I was clicking around on the interweb on Thursday morning, checking out some stuff being said or written about the Blues. Keeping tabs, and all of that.
This headline made me smile: “Binnington Shaky In Win.”
And that’s been a recent theme …that Jordan Binnington just isn’t himself.
Something isn’t … quite right.
Was Binnington really shaky in the Blues’ 5-4 shootout win at Calgary on Tuesday.
Well, the Flames scored three power-play goals. And that rarely happens to the Blues. But I also know that power-play (and penalty kill) success can go up or down through random stretches.
There was nothing shaky about Binnington’s play when the Blues and Flames were going at it on 5-on-5 the other night.
Binnington stopped 23 of 24 shots.
The Flames had 60 percent of the scoring chances, and an alarming 80 percent of the high-danger chances, at 5-on-5.
And yet … the Blues outscored the Flames 3-1 when the competition was level at 5 v 5.
Binnington stopped ALL EIGHT of Calgary’s scoring chances (at 5-on-5) from the crease and the slot. That’s absurd. Goalies aren’t supposed to do that.
In the same game, Calgary goaltender Cam Talbot faced only two high-danger chances at 5-on-5 and only stopped one. He allowed three goals in 27 shot attempts — including two from medium-danger range — and was thoroughly outplayed by Binnington.
Along the way to the Monday’s win, Binnington stopped the final 16 shots Calgary cranked on him. He snuffed two breakaways. He repelled three other rushes, and made four stops on rebound attempts. He was in goal when the Blues killed a Calgary PP in overtime. He was in goal during the shootout, where the Flames went 0-for-2.
But Binnington was shaky?
I don’t think so.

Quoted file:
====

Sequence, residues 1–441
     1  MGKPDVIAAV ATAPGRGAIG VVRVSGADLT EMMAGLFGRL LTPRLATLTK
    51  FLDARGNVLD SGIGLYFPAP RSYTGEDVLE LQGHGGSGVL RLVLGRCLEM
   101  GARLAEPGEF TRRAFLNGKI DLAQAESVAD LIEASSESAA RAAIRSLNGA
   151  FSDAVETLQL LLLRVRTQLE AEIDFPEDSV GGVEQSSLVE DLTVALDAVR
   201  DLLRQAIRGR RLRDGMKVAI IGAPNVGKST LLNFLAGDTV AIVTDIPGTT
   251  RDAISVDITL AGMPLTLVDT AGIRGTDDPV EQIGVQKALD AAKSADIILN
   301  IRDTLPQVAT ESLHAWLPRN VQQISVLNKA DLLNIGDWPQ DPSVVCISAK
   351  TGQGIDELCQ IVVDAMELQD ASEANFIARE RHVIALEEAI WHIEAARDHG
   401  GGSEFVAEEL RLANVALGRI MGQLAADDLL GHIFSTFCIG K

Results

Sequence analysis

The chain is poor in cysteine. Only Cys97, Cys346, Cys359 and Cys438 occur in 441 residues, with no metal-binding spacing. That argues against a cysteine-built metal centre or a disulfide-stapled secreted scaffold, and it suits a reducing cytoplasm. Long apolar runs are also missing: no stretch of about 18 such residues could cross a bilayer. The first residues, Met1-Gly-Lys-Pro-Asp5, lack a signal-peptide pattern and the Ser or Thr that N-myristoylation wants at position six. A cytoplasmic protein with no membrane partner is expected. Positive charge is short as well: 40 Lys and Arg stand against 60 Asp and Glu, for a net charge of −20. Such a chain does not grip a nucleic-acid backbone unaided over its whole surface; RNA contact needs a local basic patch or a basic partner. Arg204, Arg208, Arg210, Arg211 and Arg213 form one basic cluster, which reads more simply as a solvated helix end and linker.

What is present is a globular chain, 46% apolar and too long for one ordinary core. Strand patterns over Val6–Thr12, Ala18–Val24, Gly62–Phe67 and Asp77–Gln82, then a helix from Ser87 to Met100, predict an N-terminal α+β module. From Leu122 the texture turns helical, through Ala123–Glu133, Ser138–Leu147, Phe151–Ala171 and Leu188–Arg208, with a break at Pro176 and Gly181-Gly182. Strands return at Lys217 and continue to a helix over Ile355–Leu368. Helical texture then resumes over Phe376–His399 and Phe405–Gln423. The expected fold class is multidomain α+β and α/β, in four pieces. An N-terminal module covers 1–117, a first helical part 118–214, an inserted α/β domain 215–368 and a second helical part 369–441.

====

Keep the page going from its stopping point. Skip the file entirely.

There’s some fuss being made over the recent spate of games in which Binnington has allowed four or more goals. Opponents have scored four in their last three games against Binnington. He’s been beaten for at least four goals in five of his last nine starts. His goals-against average in the nine games is 3.22. His overall save percentage in the nine contests is an unsightly .876.
And here are two other numbers from Binnington’s last nine starts:
.860 … Binnington’s save percentage on high-danger shots at 5-on-5.
6-2-1 … that would be the Blues’ record in the nine.
And yes, both factoids are connected.
The people sweating or swearing over Binnington’s supposedly shaky play are missing a helluva trend. It’s a powerful trend established by Binnington and works as a substantial factor in the Blues’ 31-12-8 record.
Pardon the cliche, but this is a big-save goaltender. And that warrants some extra credit — or at least attention. Could Binnington be more consistent? Yes. Has he been at his best on, say, medium-danger shots? No.
And compared to his shocking rookie-season emergence that saved the Blues, and made it possible to win the Stanley Cup, Binnington is giving up more goals per game, and has a lower save percentage.
But did you really expect Binnington to match everything that he did for the Blues last season? That’s unrealistic and greedy.
Here’s the part of the Binnington analysis that’s rarely mentioned, and I really don’t know why: for their first 33 games of the season, through Dec. 13, the Blues regularly got out-played by opponents at 5-on-5 hockey.
Over the first 33 games, the Blues had only 48.5 percent of the shots on goal, 49 percent of the scoring chances, and 43 percent of the high-danger chances.
This could have been a mini-disaster.
Instead, the Blues piled up a lot of wins and points, going 19-8-6 in the 33 games. Their 44 points through Dec. 13 ranked fourth overall in the NHL.
And despite losing the possession and game-control battle, the Blues were able to fend off the wolves because of stellar goaltending provided by Binnington and Jake Allen.
In the first 33 games Binnington and Allen combined for the league’s second-best save percentage on high-danger shots (.865) and were third in save rate on scoring chances (.898.)
For the season, at 5-on-5, Binnington is tied for second in the NHL with an .864 save percentage on high-danger attempts. And using the Goals Saved Above Average metric, he leads all NHL goaltenders (minimum 1,200 minutes at 5v5) with 9.37 goals saved on high-danger chances. Boston’s Tuuka Rask is second at 8.52 goals saved on primo scoring attempts.
And at all strengths, Binnington’s .860 save percentage on high-danger shots ranks No. 1 in the league … as does his 14.85 goals saved above average on high-danger shots.
That’s even better than his .854 save percentage on high-danger shots last season. And better than his 7.33 goals saved above average on high-danger attempts last season.
Binnington isn’t “shaky.”
When the game is on the line, and when it is time to make the most difficult saves that matter most, the dude is money.
Thanks for reading …